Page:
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Tag Archives: G.M. Lawrence

G.M. Lawrence’s career as an author can only excel from here given the sophistication of his first novel. Q: Awakening focuses on the quest of conflicted hero, Dr. Declan Stewart, in not only searching for an ancient manuscript (“quelles”), a lost gospel believed to be written by Christ, but also regaining his faith in people and God after years of hiding.

The writing in Q: Awakening is elegant and clever, providing multiple layers and insight into a variety of complex cultural, political, and religious components. While this is an action-packed, save-the-world adventure, there is significantly more depth due to the philosophical aspects and the conflicts among and within the characters as well as the motives driving each of them. And all of this can draw a variety of audiences ranging from diehard adventure/thriller fans to those interested in modern philosophical fiction.

The read is captivating and enjoyably consuming in everything from character development to the vivid settings covering anything from New Zealand to the deserts of Saudi Arabia. While most plots have one villain, Q: Awakening has multiple villains with multiple agendas. Some want to profit from Q while others want to destroy it.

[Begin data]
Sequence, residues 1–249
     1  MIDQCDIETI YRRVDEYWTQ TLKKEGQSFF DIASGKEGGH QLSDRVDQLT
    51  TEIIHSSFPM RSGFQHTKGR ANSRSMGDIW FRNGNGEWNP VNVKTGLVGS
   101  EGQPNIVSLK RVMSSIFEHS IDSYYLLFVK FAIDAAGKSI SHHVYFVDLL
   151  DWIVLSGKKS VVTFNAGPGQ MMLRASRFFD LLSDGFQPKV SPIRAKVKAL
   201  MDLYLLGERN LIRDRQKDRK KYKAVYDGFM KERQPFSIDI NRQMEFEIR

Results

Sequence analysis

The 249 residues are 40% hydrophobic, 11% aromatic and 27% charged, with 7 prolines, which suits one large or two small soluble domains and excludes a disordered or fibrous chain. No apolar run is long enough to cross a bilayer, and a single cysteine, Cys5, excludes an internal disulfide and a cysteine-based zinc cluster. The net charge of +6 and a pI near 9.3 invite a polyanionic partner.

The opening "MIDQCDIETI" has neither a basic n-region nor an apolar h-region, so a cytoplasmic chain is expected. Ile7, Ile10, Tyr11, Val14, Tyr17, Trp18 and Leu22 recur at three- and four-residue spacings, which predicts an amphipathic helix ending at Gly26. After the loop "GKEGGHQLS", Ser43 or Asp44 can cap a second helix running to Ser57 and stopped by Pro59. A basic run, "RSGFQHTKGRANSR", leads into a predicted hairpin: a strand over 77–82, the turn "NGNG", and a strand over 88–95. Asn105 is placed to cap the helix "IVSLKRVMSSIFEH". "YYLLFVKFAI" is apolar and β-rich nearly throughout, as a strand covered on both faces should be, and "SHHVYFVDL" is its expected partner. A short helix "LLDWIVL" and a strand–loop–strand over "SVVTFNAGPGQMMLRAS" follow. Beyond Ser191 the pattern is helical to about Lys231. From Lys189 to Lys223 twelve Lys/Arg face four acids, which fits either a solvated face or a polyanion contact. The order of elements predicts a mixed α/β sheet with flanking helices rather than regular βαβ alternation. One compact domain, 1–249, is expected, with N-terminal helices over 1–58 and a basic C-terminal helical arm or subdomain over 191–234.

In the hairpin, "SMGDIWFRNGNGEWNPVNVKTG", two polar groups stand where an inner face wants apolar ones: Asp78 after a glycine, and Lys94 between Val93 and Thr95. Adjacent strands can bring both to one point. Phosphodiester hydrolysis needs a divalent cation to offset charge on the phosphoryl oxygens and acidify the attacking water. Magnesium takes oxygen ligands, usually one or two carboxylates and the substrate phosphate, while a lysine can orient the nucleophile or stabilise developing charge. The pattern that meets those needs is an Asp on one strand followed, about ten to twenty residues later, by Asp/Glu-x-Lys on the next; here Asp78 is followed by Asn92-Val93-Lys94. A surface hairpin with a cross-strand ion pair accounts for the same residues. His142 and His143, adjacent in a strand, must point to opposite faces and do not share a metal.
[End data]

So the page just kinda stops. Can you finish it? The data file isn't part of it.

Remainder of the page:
Beyond struggling with accepting that Q is his destiny and obsession, Declan is also interesting because of his struggle with moving forward after already having lost so much during his prior search for Q. As with any good and believable hero, Declan is flawed and even mysterious. His constantly weighed conscience forces him to accept his mission despite the fact he insists he doesn’t believe it is the salvation of the human race.

The quality of writing and imagination mixed with the detail and realness of the characters and places is quite refreshing. Since Q: Awakening is the first in Lawrence’s trilogy, the remaining novels have quite a bit to live up to as well as a lot of questions to answer. Given the complexity and adventure in this novel, a screen adaptation would also be successful and well-received.

G.M. Lawrence